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Nerdy Birds: Desmond Ridder keeps his cool and the defense just keeps getting better


"I know this about Desmond Ridder – he's tough and he's a winner," said Arthur Smith following Atlanta's Week 7 win in Tampa Bay. Ridder, who will make the 12th start of his NFL career on Sunday, has been highly scrutinized through the first seven games of the season. While it has taken him a few games to get his feet underneath him, the second-year signal-caller has shown solid progression and development.

He has engineered game-winning drives in three of Atlanta's four wins, making crucial throws on each of those occasions. Ridder has shown both the tangible and intangible qualities that are required to make it as a quarterback in the NFL. There's no doubt that there is still room to grow, mistakes to overcome and development to be had but, to this point, Ridder has been quick to respond when his number has been called.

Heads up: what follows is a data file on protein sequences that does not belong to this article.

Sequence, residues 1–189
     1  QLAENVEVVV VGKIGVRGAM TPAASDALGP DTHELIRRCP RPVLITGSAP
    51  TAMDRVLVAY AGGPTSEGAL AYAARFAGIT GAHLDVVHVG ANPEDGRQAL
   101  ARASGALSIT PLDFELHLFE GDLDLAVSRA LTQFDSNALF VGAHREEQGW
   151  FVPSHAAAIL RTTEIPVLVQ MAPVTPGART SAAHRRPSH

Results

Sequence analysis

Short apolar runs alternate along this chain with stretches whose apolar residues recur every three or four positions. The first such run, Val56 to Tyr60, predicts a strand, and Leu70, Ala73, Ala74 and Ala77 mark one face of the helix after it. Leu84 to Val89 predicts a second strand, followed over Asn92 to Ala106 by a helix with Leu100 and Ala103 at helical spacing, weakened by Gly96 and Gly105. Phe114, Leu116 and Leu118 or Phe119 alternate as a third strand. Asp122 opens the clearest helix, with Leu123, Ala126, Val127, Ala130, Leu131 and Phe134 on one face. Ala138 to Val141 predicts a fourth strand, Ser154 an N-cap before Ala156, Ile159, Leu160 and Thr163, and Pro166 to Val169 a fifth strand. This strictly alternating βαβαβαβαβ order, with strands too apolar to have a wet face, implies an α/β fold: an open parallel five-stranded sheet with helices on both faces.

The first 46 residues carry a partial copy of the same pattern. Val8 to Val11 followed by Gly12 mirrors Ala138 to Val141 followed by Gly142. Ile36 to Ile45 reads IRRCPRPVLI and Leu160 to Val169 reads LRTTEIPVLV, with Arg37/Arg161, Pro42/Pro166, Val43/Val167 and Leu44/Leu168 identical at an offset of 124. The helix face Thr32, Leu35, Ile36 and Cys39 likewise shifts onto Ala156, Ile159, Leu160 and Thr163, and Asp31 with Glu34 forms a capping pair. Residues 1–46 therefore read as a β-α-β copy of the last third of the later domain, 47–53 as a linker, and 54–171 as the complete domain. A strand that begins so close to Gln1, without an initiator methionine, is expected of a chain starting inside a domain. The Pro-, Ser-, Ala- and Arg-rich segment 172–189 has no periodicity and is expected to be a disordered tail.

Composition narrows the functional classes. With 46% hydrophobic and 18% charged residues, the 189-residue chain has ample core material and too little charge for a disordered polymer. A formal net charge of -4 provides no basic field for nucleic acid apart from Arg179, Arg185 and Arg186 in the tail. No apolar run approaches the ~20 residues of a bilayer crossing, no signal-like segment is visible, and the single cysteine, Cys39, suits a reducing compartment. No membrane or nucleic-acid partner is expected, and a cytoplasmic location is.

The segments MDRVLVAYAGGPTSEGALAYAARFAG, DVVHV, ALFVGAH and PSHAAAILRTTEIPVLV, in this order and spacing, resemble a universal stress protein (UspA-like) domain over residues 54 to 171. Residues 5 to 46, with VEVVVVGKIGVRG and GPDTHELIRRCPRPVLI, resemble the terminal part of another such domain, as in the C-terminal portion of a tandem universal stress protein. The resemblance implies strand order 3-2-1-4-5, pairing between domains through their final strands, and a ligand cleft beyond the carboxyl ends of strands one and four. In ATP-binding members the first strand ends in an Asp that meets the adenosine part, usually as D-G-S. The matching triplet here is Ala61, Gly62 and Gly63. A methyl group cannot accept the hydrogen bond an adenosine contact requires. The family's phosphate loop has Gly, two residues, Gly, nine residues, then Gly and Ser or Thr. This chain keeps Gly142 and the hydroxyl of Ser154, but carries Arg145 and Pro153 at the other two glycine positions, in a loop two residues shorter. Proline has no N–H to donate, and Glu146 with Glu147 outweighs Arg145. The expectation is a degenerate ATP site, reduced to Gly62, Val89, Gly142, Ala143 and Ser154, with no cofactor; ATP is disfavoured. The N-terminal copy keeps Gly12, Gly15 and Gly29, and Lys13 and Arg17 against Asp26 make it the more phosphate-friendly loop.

Offensively, the Falcons are one of three teams to top 400 yards of total offense in four games this season, joining Miami and Philadelphia, with three of those performances coming in the last three weeks. It's no coincidence that Ridder has played some of his best football during that same span. Despite his run of turnover misfortune, the Falcons are 2-1 in those games and lead the NFL in total offense at 416.7 yards per game in that span. Atlanta ranks second in passing yards, averaging 297.3 yards per game, NFL behind only Kansas City.